Whisk flour, sugar, baking powder, baking soda, salt and pumpkin pie spice together in a large bowl. Cut in the butter until mixture resembles coarse meal. You can use a pastry cutter for this or use two knives and cut into the butter using a cross-way motion until crumbly.

In another bowl, combine the egg yolk, buttermilk and squash puree and gently beat. Add to the flour mixture all at once. Work quickly and use a wooden spoon or your hands to work the mixture into a soft dough. Gently knead in white chocolate chips.

Turn the dough onto a lightly floured surface and pat into a disc shape about 3/4" thick. Sprinkle turbinado sugar on the top and then use a butter knife or pizza cutter to cut into 6 wedges.

Place on a baking sheet lined with parchment paper and bake for 12-15 minutes or until they are golden brown on top and...

Eat it!!

Friday, September 23, 2011

Blueberry Scones

I took an amazing 6-week class in the kitchen of Posh Chocolate with owners Ana & Jason Willenbrock this past May.  This class focused on baking and pastries but ended with a bang when we learned about chocolate...tempering, making ganache, making truffles.  Mmm...anyway, I digress as this post is about blueberry scones and not chocolate (get your head out of the gutter Maggie!).  We'll leave the chocolate making for another day.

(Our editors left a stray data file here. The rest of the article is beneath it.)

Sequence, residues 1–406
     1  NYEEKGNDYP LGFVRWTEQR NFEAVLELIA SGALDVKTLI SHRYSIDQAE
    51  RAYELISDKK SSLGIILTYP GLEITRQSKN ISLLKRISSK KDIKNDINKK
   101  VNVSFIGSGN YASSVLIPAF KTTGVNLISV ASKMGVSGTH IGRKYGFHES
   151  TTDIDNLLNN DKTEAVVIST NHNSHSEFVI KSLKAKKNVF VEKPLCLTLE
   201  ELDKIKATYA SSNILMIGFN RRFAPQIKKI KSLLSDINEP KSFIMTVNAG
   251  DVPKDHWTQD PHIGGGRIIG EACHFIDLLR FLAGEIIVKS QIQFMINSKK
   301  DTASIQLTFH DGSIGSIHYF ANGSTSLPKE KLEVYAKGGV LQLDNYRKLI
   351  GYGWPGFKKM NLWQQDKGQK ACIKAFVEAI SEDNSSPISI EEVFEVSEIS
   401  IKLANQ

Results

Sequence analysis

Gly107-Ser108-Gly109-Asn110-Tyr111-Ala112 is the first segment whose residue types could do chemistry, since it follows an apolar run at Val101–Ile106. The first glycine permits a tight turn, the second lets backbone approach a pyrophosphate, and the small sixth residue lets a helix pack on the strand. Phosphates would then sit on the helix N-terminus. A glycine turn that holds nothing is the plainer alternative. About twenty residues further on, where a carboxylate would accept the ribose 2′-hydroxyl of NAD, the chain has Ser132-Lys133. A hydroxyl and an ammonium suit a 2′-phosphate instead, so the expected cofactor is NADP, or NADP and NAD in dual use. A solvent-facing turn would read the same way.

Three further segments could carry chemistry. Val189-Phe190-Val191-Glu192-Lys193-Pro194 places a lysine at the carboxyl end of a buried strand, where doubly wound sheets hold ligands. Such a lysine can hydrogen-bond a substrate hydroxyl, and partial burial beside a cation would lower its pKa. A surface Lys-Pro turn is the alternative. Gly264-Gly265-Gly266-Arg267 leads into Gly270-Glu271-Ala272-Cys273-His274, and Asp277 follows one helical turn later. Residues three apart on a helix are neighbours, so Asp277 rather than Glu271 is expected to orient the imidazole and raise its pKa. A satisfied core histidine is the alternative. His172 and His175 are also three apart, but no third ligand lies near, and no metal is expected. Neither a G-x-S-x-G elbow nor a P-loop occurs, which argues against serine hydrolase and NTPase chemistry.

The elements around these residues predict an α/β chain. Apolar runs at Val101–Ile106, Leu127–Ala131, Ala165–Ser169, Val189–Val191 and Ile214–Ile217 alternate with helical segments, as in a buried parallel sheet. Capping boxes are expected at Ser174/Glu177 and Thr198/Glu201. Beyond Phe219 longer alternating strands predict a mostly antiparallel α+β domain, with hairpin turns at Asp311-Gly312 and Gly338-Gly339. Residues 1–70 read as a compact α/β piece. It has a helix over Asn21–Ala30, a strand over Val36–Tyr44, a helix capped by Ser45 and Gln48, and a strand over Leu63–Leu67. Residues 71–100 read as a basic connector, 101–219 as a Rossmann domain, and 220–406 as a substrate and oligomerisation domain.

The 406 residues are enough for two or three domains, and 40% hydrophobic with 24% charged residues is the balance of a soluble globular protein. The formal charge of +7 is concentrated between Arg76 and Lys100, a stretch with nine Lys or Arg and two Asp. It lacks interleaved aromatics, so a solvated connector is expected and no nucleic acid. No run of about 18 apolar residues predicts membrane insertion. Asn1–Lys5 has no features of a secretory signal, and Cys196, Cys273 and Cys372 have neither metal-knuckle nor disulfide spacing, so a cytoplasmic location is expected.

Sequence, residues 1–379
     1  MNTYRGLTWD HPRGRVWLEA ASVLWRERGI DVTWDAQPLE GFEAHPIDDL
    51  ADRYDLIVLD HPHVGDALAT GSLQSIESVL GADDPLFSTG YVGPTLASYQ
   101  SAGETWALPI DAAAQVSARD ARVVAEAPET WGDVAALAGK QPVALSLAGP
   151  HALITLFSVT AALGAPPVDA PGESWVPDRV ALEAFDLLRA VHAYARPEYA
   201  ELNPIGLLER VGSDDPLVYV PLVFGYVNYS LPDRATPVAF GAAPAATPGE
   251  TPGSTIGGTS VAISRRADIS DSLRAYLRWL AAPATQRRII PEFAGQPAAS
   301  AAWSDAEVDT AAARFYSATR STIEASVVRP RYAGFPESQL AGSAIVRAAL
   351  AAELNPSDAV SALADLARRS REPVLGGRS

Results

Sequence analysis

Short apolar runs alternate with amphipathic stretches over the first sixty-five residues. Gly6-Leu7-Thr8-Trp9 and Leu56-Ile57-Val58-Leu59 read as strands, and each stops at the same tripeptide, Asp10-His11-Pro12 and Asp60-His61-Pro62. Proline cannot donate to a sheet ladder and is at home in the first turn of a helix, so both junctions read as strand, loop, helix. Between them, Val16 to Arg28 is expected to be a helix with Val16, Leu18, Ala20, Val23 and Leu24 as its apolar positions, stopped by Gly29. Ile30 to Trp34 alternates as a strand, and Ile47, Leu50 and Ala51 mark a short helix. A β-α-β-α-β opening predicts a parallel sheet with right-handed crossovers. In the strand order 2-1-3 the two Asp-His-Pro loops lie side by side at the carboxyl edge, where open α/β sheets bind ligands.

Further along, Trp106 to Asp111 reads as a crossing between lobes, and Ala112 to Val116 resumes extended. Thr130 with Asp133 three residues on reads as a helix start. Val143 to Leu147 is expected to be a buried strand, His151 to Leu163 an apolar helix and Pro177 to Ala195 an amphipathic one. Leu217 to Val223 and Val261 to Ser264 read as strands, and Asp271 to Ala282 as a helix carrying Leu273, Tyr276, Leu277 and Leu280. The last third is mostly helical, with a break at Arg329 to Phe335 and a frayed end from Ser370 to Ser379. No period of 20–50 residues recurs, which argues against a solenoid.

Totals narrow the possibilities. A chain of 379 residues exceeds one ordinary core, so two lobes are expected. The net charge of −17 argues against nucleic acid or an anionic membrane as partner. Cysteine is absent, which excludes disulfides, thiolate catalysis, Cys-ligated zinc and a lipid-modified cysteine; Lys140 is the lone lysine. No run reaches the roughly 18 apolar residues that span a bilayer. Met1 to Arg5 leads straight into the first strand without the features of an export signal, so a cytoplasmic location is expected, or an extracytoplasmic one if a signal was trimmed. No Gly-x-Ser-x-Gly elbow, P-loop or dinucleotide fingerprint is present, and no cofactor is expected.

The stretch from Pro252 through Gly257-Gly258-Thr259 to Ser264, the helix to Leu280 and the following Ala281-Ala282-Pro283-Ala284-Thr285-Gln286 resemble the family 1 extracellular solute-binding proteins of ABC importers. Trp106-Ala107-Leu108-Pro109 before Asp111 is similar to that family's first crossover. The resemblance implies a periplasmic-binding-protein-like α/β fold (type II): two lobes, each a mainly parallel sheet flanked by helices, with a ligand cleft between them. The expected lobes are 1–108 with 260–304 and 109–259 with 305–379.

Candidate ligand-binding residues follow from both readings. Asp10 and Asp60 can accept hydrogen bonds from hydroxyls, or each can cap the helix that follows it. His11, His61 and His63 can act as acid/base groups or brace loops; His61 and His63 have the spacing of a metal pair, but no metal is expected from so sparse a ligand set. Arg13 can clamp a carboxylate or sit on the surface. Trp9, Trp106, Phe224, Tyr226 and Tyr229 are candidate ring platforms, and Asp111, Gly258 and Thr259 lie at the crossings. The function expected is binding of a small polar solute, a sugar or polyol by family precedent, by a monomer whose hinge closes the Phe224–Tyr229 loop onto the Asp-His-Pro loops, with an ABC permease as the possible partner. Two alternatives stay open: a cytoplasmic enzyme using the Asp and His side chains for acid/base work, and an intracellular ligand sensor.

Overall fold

Ana & Jason both studied at the Harvard of cooking schools, The Culinary Institute of America (CIA), in New York City.  These two are amazing, they know their stuff (maybe because of their time at CIA, but mostly because of their devotion to the profession) and they are the funniest, happiest, rockin-est people I know that own an upscale chocolate shop.  But anyway, that's all to say: I learned a lot from them. 

I adapted this recipe from one we baked in class, and this has been my go-to breakfast when company comes ever since.  These scones are super easy to make, I can bang them out in about 10 minutes, and they are super versatile.  I've made blueberry, raspberry white chocolate, chocolate & cinnamon, chocolate & nutmeg, and chocolate & orange zest.  I have learned that using frozen fruit works much better than fresh.  The fresh fruit tends to get smooshed too much and it doesn't look pretty.  Not to fret though if you have fresh raspberries on hand screaming at you to be thrown into these scones.  Just stick them in the freezer for 15 minutes before you add them to the dough and they'll be good to go.